It’s Normal for Humans to…
If a person’s concern is focused on mental illness and issues, it is sometimes hard to remember that it is normal for humans to move through developmental stages, and to feel stress, and feel different emotions:
- Stress – caused by both physical and psychological stressors, and including both negative and positive events (e.g. marriage, new job);
- Emotions – including fear, anxiety, grief, happiness and others.
Some degree of stress is necessary to life. The key is whether a person’s capabilities meet or exceed the degree of challenges they face. For example, a child facing several adverse childhood events that overwhelm her/his ability to cope will be experiencing stress at a level considered toxic, rather than moderate. Sometimes we add to our own stress level – such as not getting enough sleep, not eating nutritiously, isolating ourselves from others, or letting negative thoughts pervade our minds. This makes us less able to cope when stressors in our external lives are added.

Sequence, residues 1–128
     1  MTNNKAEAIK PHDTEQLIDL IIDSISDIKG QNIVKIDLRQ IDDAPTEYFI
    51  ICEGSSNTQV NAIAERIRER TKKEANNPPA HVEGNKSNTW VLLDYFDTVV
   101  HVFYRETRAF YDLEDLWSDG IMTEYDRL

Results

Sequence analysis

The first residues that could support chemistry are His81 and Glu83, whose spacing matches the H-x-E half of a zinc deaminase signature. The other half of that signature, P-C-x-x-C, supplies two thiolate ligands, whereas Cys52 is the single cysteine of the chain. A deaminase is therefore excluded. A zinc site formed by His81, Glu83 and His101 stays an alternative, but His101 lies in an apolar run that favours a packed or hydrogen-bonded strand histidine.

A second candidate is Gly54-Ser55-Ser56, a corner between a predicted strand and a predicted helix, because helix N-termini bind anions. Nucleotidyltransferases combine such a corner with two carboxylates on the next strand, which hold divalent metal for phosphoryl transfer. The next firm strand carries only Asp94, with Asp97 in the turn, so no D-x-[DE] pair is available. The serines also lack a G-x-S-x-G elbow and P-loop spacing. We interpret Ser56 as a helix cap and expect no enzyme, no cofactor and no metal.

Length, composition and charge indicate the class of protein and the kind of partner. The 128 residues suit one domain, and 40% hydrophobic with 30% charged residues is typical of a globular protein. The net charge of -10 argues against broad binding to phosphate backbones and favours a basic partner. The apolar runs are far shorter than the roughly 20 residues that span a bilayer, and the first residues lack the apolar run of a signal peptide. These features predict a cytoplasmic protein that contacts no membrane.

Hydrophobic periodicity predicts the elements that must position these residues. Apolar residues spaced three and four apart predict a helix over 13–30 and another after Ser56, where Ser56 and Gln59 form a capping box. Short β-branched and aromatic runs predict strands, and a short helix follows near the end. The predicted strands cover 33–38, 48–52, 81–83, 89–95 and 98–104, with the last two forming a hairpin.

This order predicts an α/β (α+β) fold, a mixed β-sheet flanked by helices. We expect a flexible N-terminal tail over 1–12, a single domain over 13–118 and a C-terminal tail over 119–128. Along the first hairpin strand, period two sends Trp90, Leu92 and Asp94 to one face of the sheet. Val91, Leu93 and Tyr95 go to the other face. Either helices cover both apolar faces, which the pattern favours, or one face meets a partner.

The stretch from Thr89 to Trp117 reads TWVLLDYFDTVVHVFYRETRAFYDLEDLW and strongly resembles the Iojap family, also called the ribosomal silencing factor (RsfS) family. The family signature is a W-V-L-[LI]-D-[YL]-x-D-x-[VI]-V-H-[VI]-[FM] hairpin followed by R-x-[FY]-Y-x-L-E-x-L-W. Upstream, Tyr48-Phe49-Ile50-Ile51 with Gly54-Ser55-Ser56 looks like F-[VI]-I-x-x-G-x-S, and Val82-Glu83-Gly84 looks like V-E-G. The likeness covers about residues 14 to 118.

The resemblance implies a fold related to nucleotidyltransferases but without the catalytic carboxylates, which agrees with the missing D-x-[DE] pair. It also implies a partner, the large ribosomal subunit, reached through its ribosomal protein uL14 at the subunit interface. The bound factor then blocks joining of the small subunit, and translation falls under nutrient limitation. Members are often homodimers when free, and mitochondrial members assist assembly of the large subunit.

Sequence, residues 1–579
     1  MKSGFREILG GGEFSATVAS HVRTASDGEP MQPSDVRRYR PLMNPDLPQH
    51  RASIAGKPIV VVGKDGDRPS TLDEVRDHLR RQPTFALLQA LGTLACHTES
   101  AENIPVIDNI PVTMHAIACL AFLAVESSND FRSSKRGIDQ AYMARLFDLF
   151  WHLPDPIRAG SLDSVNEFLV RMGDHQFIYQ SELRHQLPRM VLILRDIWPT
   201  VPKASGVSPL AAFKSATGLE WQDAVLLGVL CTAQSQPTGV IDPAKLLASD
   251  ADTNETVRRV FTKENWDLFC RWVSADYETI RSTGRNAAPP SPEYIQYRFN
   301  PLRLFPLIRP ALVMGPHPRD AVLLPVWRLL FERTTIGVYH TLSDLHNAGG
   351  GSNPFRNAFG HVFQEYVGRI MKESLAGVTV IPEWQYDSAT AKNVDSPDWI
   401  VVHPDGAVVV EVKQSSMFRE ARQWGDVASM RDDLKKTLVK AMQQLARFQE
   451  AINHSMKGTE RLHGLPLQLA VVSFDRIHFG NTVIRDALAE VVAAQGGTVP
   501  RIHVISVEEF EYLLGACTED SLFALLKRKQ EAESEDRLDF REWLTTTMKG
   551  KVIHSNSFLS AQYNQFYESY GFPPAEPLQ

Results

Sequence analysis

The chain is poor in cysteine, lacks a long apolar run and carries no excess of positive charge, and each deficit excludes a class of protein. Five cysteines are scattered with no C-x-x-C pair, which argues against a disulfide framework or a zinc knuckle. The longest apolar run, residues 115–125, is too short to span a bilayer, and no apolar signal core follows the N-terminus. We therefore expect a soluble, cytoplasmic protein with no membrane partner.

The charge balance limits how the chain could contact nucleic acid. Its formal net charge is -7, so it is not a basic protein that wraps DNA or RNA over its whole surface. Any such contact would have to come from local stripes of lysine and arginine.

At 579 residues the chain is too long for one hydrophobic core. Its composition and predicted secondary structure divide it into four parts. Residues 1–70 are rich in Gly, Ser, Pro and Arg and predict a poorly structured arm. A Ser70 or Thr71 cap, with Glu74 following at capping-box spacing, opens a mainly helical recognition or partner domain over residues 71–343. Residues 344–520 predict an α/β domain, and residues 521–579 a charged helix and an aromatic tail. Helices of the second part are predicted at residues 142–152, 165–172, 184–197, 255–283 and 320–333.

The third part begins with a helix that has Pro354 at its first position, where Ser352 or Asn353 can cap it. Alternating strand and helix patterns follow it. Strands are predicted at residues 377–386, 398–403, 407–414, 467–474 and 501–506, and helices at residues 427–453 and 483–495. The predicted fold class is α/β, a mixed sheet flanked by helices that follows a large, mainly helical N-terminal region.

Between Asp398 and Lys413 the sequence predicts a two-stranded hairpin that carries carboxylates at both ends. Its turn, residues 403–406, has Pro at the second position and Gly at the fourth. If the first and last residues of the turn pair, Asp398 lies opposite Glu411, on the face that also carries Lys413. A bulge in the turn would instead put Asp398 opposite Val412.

How we respond to stress, and whether we access support from friends, family and sometimes others is the key. Research is increasingly clear that we can take action to change the potential outcomes of stress that would otherwise be toxic.
Grief, the experience of loss influences both mental and physical experience. Losses can be death of a person or pet, but also other important losses in our life – loss of a job or relationship, or loss of a deeply held dream or expectation (sometimes we grieve the loss of the dream of what we hoped to get from a relationship for example). People experience grief in many different ways – and can have many different thoughts or feelings during the journey. We have a tendency to avoid processing these losses, and over time that can take a toll. Sometimes it helps to seek grief counselling as a support in the course of our journey.